When Davey Johnson was hired following the resignation of Jim Riggleman, it was thought to be a temporary gig. With comparisons to Jack McKeon, the story was that Johnson, already on the payroll, would be the 2011 caretaker and that this fall and winter Mike Rizzo would find the guy to lead the Nationals into a glorious future.
A funny thing happened on the way to that glorious future. Everyone realized that Davey Johnson is a pretty good manager. Tom Boswell writes:
The Nationals will go through a process after the season to analyze their options. Things can change. A better candidate might be found. But the dots have become so huge it’s impossible not to connect them. Baring an earthquake, Johnson is returning. And it’s a saga that’s gaining a “meant-to-be” quality.
Boswell has Rizzo as agreeing that, yes, they’ll look at other candidates, but quotes him saying “that’s a tough list to compile: managers who are better than Davey Johnson.”
If Davey wants to keep the job, I’m having a hard time seeing why the Nats wouldn’t want to give it to him.
Because of course he did.
It wasn’t just his first at bat, but it was his first pitch. It came off of John Kilichowski, an 11th round draft pick of the St. Louis Cardinals out of Vanderbilt. The ball went out to left center, off the bat of the lefty Tebow.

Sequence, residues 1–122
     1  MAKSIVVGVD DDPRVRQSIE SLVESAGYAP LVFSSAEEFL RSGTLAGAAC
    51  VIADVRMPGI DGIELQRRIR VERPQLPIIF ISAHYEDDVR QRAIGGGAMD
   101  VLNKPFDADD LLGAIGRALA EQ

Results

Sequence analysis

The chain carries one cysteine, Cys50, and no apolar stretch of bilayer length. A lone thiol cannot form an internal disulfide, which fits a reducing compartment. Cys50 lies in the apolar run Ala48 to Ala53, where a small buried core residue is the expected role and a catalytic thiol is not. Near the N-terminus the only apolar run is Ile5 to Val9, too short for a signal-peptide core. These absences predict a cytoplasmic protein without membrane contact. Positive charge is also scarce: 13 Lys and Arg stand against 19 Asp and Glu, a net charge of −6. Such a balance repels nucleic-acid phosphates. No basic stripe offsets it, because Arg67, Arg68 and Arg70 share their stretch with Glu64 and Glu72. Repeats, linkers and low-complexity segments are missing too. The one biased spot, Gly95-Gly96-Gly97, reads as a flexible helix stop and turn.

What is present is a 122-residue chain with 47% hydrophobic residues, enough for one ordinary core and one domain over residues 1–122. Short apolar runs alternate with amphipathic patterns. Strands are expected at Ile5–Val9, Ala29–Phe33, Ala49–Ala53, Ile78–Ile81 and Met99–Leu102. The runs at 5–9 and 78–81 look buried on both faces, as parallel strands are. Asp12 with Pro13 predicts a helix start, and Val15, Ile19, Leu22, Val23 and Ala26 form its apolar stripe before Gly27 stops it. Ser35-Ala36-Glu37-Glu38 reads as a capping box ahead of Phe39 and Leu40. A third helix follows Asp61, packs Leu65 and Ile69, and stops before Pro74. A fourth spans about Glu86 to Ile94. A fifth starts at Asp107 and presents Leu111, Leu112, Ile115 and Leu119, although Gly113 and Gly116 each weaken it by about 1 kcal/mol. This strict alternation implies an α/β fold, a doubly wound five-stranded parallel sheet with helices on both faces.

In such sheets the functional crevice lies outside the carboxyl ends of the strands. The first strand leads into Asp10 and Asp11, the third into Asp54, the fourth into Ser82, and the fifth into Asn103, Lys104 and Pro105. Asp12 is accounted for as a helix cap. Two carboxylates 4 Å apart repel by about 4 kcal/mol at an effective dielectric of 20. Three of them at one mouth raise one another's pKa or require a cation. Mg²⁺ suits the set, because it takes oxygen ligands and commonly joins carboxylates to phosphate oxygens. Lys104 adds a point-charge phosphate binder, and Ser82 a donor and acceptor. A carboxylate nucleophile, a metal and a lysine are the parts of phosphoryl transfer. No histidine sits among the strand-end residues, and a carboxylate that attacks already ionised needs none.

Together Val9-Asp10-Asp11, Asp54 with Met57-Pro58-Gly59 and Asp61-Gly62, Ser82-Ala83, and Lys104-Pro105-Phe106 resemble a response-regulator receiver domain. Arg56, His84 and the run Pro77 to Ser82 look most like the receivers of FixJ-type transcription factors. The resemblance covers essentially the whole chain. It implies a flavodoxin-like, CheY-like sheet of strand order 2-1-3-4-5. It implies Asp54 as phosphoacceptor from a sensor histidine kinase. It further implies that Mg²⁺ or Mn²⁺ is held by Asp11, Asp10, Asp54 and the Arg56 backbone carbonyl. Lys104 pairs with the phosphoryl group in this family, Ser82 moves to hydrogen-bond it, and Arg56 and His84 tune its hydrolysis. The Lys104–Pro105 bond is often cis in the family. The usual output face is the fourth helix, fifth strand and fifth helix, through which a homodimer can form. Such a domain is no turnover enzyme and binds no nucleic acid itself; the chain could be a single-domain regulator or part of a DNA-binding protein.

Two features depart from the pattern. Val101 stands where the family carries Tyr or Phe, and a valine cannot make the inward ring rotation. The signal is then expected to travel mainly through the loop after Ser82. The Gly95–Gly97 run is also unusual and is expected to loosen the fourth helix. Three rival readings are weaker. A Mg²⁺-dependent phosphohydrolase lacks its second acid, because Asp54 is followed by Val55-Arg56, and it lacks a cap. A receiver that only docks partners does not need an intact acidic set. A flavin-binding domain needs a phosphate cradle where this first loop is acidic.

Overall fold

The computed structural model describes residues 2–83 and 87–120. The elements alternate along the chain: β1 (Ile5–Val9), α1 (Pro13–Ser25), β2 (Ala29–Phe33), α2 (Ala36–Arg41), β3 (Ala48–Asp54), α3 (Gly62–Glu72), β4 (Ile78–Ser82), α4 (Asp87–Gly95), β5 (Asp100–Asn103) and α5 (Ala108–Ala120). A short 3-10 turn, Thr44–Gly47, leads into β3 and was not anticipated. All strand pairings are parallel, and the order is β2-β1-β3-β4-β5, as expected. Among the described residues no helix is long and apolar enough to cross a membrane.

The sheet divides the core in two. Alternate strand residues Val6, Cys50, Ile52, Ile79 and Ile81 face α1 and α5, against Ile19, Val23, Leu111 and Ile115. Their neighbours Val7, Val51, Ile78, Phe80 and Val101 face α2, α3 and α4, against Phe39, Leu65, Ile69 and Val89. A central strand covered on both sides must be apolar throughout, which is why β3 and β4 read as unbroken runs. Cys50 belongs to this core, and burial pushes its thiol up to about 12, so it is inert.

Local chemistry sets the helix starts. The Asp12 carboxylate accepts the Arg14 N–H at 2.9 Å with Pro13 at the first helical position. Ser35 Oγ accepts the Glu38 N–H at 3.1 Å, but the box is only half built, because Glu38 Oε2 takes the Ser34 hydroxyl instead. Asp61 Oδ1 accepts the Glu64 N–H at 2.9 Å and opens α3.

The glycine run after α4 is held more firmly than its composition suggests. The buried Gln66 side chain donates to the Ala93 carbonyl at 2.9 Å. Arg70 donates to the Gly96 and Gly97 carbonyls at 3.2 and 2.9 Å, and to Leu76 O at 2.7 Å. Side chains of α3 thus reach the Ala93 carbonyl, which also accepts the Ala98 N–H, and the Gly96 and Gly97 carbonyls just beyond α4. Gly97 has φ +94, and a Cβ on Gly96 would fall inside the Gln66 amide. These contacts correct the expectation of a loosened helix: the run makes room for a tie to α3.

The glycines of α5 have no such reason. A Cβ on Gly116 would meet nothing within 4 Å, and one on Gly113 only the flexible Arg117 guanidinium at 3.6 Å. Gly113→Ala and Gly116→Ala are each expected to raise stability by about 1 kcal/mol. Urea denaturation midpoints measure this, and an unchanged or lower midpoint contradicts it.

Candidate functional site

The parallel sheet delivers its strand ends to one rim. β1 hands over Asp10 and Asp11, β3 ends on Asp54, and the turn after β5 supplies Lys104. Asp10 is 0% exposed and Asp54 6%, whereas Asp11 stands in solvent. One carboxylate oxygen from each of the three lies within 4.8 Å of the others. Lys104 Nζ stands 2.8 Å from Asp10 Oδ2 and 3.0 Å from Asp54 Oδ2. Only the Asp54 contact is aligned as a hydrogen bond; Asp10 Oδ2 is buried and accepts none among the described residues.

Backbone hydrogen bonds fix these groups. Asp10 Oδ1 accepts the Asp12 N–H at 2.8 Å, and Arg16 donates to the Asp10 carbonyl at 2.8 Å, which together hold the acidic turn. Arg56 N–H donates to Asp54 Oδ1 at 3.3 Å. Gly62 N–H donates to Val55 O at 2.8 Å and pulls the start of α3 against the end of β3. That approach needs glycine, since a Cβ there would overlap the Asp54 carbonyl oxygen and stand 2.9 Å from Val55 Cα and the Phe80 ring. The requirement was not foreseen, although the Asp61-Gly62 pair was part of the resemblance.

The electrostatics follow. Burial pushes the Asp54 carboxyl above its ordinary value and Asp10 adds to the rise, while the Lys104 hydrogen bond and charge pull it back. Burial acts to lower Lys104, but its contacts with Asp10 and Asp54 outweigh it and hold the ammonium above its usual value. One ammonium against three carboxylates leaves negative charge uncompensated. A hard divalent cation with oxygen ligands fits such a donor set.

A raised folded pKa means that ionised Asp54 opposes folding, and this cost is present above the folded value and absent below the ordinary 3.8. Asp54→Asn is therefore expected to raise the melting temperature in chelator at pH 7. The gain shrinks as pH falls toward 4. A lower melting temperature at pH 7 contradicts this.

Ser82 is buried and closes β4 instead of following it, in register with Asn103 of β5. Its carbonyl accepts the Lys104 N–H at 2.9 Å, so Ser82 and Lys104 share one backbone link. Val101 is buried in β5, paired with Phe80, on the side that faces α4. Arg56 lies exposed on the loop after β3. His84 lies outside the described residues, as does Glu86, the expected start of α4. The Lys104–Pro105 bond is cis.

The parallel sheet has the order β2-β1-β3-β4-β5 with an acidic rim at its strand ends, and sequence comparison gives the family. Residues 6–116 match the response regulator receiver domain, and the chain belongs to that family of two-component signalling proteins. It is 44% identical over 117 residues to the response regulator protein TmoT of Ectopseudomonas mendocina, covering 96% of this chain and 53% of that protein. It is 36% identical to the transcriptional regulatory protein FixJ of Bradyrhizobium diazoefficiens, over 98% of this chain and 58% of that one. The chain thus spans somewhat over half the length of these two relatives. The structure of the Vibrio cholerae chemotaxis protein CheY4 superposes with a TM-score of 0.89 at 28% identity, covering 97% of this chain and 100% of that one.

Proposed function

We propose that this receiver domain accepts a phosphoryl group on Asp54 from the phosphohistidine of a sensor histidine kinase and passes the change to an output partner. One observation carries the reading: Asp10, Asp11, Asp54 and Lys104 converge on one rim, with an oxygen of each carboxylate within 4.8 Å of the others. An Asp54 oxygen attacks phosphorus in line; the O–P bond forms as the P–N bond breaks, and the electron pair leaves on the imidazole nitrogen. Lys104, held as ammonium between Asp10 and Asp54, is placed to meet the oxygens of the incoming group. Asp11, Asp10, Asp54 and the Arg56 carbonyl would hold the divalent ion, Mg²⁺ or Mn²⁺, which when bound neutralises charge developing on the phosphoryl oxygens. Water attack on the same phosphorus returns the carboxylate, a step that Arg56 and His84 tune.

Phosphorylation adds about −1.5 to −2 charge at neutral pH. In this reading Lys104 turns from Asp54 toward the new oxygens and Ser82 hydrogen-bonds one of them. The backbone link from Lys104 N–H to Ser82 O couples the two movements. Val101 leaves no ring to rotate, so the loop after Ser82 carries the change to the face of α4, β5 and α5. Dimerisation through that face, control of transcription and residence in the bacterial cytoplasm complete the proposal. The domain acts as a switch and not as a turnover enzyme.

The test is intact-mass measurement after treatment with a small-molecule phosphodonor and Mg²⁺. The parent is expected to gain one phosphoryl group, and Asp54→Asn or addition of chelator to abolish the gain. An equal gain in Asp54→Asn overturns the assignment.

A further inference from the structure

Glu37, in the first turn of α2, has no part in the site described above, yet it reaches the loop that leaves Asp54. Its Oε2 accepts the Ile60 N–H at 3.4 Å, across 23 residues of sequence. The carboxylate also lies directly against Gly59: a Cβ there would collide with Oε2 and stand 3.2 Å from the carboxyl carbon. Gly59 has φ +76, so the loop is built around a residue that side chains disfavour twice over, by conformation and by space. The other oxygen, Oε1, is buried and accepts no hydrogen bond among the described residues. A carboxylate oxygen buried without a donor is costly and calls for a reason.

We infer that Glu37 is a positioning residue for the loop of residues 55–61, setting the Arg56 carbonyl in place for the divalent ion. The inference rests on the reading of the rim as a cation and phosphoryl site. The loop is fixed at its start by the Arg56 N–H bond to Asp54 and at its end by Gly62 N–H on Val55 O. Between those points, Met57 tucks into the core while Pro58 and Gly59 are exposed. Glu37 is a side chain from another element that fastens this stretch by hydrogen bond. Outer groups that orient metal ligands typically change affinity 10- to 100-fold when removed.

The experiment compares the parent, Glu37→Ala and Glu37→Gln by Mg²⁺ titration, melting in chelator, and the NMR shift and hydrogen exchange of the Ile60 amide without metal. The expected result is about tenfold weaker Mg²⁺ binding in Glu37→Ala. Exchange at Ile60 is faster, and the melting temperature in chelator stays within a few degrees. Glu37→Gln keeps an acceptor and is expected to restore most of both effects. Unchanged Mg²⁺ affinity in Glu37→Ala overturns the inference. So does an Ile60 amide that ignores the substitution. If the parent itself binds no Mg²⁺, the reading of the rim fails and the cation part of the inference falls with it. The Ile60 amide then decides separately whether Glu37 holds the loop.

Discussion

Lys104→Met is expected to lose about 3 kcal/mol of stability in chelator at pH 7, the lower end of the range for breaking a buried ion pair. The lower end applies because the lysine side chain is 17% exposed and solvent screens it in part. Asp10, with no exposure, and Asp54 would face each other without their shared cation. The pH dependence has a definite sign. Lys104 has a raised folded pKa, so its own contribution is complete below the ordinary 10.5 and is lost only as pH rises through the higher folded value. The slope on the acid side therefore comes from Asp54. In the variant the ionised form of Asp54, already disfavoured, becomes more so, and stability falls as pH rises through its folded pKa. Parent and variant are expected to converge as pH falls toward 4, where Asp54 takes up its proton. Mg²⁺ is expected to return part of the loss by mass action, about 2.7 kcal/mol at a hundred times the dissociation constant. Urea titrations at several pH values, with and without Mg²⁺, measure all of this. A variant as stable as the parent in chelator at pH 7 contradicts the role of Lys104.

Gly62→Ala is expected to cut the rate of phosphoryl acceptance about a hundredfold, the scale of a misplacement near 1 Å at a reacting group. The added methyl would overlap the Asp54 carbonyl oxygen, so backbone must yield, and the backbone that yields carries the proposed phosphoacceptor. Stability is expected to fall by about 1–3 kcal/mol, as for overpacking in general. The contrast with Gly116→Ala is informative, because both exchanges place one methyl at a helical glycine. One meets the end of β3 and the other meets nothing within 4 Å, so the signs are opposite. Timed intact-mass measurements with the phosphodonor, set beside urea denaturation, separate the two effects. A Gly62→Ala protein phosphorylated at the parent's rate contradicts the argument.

Next time, meat, throw him a breaking ball.
The other night, Blue Jays reliever Joaquin Benoit needed help getting off the field after the second benches-clearing incident with the Yankees. It was later revealed that Benoit tore a calf muscle during the fracas, ending his season.
Yesterday he pointed the finger at just about everyone else for the incidents like the one that led to his injury. Hitters specifically. From The Star:
“I believe as pitchers we’re entitled to use the whole plate and pitch in if that’s the way we’re going to succeed,” Benoit said. “I believe that right now baseball is taking things so far that in some situations most hitters believe that they can’t be brushed out. Some teams take it personally.”
That “take it personally” line is interesting coming from Benoit as, in this instance, it seemed pretty clear that the whole plunking exchange which led to his injury started because Josh Donaldson took an inside pitch that did not seem to be a purpose pitch at all, too personally.
Did Benoit take a veiled swipe at his teammate here? If so, that’s pretty notable. If not it’s notable in another way, right? As it suggests that Benoit believes it’s OK for his teammates to take issue with inside pitches but anyone else who does is part of the problem?
Which is it, Joaquin?